Did you know that an estimated 31 million Americans experience back pain?
According to the Global Burden of Disease, back pain is the single leading cause of disability. Back pain is also one of the most common reasons for missed work resulting in a staggering $50 billion each year spent by Americans to treat the pain.
Check out the below infographic on more alarming back pain statistics courtesy of TheGoodBody.com.
Back pain is a common problem, but it doesn’t have to be a common part of everyday living.
There are safe alternative treatment options available that focus on treating the root cause of your chronic or acute back pain versus medication to treat the symptoms which can create more health issues. Alternative treatments may also be an option to consider if you are seeking to avoid an invasive surgical operation.
Visceral Manipulation Therapy is one of those alternative treatment options you may want to consider.
What is Visceral Manipulation Therapy?
Visceral Manipulation is a gentle hands-on therapy that works through your body’s visceral system – the heart, liver, intestines and other internal organs – to locate and alleviate the normal lines of tension throughout your body.
Visceral Manipulation uses specifically placed gentle manual techniques that work to encourage the normal mobility, tone, and motion of the viscera and their connective tissues.
These techniques were developed initially by Jean-Pierre Barral, a French Osteopath, and Physical Therapist, and the core concept of visceral work is built upon a strong foundation of an integrated whole body approach.
While some people may refer to Visceral Manipulation as an “organ massage,” there are some complexities involved than just a simple massage. This is especially true for back pain sufferers seeking to improve long-term results of reducing or eliminating pain and inflammation. Addressing fascia restrictions around the nerves, blood vessels, and organs may be required.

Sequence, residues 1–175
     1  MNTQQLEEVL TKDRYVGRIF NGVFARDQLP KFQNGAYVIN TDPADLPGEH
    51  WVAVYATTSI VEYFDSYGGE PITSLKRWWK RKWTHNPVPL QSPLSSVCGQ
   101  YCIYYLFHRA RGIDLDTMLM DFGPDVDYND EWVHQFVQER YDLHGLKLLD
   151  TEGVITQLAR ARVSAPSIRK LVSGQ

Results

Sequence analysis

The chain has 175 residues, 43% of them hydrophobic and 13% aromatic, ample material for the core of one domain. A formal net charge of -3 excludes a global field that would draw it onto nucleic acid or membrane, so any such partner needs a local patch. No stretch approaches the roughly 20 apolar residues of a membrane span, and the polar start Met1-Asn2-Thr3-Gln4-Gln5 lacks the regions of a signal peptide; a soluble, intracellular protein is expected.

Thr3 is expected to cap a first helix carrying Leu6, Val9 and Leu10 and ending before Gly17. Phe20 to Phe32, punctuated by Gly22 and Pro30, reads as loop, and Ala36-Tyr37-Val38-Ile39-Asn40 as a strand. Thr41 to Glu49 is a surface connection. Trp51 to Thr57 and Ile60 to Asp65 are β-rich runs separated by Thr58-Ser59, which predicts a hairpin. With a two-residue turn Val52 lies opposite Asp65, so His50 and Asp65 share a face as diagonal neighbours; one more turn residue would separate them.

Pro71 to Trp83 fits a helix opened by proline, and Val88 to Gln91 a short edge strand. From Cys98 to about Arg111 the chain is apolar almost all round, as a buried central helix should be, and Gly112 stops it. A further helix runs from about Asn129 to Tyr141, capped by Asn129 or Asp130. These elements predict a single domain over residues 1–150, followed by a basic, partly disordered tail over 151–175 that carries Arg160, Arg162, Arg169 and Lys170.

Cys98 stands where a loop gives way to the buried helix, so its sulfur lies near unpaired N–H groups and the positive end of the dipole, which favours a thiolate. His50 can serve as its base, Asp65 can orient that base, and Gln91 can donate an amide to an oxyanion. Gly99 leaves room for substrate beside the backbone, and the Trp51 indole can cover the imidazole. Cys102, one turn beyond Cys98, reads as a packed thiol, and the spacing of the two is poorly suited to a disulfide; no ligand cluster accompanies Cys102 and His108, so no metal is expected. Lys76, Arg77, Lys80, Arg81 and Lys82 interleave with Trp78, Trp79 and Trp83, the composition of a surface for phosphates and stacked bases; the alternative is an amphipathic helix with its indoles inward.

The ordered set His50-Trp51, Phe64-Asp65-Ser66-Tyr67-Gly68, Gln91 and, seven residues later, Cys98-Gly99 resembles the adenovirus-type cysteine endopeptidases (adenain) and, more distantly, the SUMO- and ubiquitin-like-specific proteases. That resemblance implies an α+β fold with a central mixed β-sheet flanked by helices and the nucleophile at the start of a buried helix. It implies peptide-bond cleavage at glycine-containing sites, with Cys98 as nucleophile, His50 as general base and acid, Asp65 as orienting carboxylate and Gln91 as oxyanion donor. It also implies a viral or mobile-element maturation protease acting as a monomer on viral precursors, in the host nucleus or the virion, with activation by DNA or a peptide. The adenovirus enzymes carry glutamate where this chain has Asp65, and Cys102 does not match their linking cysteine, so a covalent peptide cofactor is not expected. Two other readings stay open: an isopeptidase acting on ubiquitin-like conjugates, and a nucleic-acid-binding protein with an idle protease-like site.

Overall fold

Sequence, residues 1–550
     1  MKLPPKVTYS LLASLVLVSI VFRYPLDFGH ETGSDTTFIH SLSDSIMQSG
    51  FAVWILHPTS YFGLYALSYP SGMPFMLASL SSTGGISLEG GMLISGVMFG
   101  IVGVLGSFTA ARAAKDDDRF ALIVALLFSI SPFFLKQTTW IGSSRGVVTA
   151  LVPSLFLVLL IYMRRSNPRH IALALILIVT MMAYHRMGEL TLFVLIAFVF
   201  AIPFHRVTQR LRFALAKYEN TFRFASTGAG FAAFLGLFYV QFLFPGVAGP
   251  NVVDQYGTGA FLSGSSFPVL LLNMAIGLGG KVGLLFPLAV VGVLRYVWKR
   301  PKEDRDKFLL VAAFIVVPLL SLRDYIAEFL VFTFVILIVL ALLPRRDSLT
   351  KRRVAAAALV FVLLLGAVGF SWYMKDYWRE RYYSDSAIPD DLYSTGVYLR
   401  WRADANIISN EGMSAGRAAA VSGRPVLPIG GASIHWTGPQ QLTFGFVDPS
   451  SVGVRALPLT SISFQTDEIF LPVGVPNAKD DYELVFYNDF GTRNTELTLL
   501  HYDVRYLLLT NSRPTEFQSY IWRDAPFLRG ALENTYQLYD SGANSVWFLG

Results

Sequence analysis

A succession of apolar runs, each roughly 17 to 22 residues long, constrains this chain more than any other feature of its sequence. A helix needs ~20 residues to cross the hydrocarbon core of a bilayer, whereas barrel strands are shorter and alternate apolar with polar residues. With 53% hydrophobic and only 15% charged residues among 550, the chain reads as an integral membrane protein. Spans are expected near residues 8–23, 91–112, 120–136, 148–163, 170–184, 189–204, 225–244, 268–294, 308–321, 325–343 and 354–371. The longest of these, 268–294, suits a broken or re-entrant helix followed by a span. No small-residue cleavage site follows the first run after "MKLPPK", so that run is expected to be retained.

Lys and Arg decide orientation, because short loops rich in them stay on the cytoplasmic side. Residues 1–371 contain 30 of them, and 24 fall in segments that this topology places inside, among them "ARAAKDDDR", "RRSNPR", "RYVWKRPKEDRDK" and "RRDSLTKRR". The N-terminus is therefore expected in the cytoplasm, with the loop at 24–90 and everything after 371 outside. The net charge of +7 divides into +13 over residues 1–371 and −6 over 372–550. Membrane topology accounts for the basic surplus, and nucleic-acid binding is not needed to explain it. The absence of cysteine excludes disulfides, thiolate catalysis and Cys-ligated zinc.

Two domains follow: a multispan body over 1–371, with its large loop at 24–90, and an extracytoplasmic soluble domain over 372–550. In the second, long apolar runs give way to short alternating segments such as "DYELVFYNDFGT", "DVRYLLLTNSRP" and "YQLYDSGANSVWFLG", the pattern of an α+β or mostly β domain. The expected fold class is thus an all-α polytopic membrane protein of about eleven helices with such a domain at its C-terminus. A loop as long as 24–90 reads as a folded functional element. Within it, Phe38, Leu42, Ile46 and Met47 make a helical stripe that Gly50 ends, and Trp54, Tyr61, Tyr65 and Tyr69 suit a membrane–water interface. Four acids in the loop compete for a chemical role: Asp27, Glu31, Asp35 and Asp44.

Of course, it is critical to note that everyone’s experience can differ when seeking visceral manipulation therapy as treatment is unique to each person based on their symptoms or injury.
You should experience some pain relief after each treatment. And as your therapist should advise, drinking lots of water can help expedite the healing process.
Regarding the number of treatments needed, again this depends on your situation. However, it is recommended that you receive treatments at least once per week or twice per month until the pain goes down and function in your back is restored. The optimal length of time between sessions is every three months, similar to getting your oil changed with your car.
When searching for a Visceral Manipulation provider, it’s best to seek someone who has the proper credentials, experience, and patient results using this method to treat chronic or pain. If you go with someone who is not properly skilled, then you can experience side effects, which can include an increase in the symptoms you initially came in for, temporary muscle soreness, or even headaches.
Also, when you seek a Visceral Manipulation specialist in your area, look for someone who encourages and practices a holistic approach to healthy living. This can include yoga, meditation or mindfulness, proper nutrition and postural retraining and core strengthening exercises. With a holistic approach, you can significantly improve your overall function to live and be healthier.
Whether you suffer from chronic or acute back pain, you no longer need to suffer in silence. Visceral manipulation therapy is an excellent treatment option to consider due to its ability to reduce or eliminate pain and inflammation while helping to improve your overall function and repair your tissue.
Check out this short video below in which I explain more about what visceral manipulation is and how it can be used to treat pain:
Marge Kalfon, MSPT is the founder of PT by Marge and is a licensed physical therapist in Virginia. She graduated with her Masters of Science in Physical Therapy from Thomas Jefferson University in 1996. Since then, she has practiced in a wide variety of settings ranging from large hospitals to small private practices. She has extensive training and experience with a wide variety of manual therapy techniques as well as orthopedic and neurological rehabilitation.